Article

The House that Subprime Loans Built

Housing report offers insights into the dangerous loans that, paired with tightening economic pressures, are leading to rising foreclosure rates.

America’s middle class, already burdened by a trifecta of economic pressures—a slowing labor market, record high levels of household debt, and increasing interest rates—can now add rising mortgage delinquency rates to their list of financial woes.

New reports from the Center for Responsible Lending and Mortgage Bankers Association at the tail end of last year showed that delinquencies on mortgages are rising sharply, often due to high-interest, predatory mortgages.

Center for American Progress Senior Economist Christian Weller also detailed recent disturbing trends in a report released at the end of last year on “The End of the Great American Housing Boom.” Examining recent data, Weller found that, at the same time that growth in homeownership rates slowed, homeowners’ equity share in their own homes dropped sharply for a significant number of Americans, many of whom have fallen victim to predatory lending practices.

The Senate Banking, Housing, and Urban Affairs Committee has picked up on this trend, and will hold a hearing tomorrow to discuss solutions for bringing the American Dream back within grasp amid rising home foreclosures and dangerous lending practices.

Weller explains that heightened vulnerability is pushing homeowners to pile on debt faster than their homes are appreciating. Just under 50 percent of all homeowners in 2004 met at least one of four possible vulnerability measures—mortgage payments of at least one-third of income, variable interest rate debt of at least 50 percent of income, home equity below 25 percent of their home’s value, and homes accounting for at least 90 percent of families’ total assets. This was up from 39 percent in 2001, and has likely increased since then.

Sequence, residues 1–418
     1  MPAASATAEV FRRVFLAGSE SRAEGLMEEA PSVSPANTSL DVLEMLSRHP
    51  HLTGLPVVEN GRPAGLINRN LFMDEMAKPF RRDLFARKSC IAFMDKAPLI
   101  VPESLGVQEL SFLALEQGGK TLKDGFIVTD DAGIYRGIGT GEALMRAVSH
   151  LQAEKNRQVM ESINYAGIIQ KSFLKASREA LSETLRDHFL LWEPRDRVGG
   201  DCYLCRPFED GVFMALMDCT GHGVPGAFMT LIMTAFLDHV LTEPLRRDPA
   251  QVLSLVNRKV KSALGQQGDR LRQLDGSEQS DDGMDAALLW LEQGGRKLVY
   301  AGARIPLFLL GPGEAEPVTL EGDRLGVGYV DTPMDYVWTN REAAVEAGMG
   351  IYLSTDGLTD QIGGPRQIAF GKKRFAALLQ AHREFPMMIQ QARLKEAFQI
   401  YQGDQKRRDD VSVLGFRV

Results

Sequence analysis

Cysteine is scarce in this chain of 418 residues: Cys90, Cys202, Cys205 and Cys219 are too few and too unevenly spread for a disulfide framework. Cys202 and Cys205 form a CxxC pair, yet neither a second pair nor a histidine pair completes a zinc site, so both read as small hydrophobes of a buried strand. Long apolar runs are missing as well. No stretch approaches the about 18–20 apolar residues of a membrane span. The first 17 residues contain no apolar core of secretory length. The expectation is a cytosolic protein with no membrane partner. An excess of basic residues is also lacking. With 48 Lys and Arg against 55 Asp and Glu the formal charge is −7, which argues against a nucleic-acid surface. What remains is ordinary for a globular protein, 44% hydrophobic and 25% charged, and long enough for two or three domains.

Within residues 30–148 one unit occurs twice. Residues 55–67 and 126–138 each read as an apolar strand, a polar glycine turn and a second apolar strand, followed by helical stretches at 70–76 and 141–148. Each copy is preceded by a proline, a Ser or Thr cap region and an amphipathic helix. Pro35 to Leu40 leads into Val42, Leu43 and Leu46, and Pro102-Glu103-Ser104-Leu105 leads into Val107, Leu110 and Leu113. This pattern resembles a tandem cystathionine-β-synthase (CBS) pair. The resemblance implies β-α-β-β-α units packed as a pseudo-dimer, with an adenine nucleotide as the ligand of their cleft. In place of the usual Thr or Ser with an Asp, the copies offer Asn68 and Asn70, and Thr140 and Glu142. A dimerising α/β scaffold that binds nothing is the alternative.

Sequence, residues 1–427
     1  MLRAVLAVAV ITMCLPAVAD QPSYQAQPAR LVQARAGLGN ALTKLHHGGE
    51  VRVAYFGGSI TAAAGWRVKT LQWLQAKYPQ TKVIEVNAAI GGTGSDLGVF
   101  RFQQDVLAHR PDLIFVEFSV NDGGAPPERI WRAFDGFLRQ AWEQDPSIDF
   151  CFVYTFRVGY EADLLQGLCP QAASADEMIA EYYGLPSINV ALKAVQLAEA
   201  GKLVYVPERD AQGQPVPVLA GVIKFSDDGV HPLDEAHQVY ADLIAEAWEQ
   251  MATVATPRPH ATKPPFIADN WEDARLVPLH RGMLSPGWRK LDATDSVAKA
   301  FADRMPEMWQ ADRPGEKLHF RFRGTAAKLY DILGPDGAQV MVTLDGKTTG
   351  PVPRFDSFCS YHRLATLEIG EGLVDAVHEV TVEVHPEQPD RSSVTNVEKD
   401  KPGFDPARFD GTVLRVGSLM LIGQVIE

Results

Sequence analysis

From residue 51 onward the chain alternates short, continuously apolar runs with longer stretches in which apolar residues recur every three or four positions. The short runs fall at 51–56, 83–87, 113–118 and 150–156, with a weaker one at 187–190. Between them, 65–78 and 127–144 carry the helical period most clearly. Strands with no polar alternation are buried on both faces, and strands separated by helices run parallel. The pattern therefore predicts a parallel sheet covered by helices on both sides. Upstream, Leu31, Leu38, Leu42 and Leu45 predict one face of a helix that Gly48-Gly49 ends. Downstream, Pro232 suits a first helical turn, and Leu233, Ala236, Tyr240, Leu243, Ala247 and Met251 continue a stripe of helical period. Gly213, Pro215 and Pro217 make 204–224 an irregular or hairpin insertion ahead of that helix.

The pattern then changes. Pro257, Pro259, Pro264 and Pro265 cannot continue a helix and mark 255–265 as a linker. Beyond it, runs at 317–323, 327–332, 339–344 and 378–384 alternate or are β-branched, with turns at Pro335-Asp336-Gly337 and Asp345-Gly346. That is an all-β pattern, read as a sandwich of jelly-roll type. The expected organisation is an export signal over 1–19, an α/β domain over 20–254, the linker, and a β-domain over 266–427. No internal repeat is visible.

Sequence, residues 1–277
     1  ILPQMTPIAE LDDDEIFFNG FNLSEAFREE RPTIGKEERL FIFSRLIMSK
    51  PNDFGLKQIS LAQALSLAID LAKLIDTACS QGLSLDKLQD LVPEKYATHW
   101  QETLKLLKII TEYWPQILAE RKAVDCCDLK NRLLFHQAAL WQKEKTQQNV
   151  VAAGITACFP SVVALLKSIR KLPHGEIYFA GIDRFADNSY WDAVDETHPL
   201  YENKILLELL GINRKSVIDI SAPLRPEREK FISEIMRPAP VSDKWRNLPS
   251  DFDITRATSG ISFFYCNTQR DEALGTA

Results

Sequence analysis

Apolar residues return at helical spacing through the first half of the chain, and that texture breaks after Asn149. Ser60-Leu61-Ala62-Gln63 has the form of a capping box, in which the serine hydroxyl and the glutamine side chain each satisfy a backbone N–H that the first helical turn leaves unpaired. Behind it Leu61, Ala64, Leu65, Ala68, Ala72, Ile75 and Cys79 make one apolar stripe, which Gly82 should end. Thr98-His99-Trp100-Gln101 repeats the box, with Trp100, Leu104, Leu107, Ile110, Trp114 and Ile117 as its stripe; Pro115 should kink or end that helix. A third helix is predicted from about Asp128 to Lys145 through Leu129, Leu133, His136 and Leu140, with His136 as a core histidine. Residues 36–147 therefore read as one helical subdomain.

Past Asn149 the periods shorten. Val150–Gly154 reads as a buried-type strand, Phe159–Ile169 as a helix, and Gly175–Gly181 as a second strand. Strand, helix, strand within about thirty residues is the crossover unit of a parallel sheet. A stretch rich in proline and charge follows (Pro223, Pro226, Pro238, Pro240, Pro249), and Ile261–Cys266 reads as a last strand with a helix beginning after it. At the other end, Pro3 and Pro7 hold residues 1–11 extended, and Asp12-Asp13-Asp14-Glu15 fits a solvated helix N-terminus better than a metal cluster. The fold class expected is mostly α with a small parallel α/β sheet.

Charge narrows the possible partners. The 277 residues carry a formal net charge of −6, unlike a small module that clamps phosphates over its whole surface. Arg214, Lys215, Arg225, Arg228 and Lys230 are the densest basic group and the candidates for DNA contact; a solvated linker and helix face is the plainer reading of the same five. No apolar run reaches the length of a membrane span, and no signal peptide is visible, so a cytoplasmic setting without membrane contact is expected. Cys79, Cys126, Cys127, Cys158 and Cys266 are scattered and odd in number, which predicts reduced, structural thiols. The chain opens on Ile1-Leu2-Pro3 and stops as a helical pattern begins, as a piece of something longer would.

Increased reliance on variable interest loans is an important driving force behind the increased vulnerability. A growing share of families are using adjustable rate mortgages and home equity lines, which offer initially lower rates that grow over time, to finance their homes. Adjustable rate mortgages and home equity lines grew to account for 25 percent of total mortgage debt in 2004, as compared with only 16 percent of the total mortgage debt in 2001.

Many families now facing foreclosure also fell prey to predatory lending practices, including sub prime and exotic mortgage products unsuitable to the borrower’s needs. Many of these loan products allow families to reduce their initial loan payments, but they also expose families to sharply higher future payments,when interest rates increase or balloon payments come due.

Not all adjustable rate mortgages and home equity lines of credit are high-risk, but the steep built-in rate and payment increases, prepayment penalties, limited income documentation, and a lack of escrow for taxes and insurance built into many of these practices have led to the recent rise in foreclosures.

These factors lead to a higher risk of default regardless of the borrower’s credit score. But African American and Hispanic homeowners, who often take out subprime loans because of limited access to other loan products, poor credit histories, and a number of other factors, are particularly affected.

Efforts to reduce the risks for borrowers at the national level have so far been slow. The Senate Banking, Housing, and Urban Affairs hearing tomorrow is a good start, but new congressional leaders must act more quickly than their predecessors to regulate lenders who each year push the American Dream further our of reach for many Americans.

For more information on the housing market, see:

To speak with Christian Weller, please contact:

For TV, Sean Gibbons, Director of Media Strategy
202.682.1611 or sgibbons@americanprogress.org

For radio, Theo LeCompte, Media Strategy Manager
202.741.6268 or tlecompte@americanprogress.org

For print, Trevor Kincaid, Deputy Press Secretary
202.741.6273 or tkincaid@americanprogress.org

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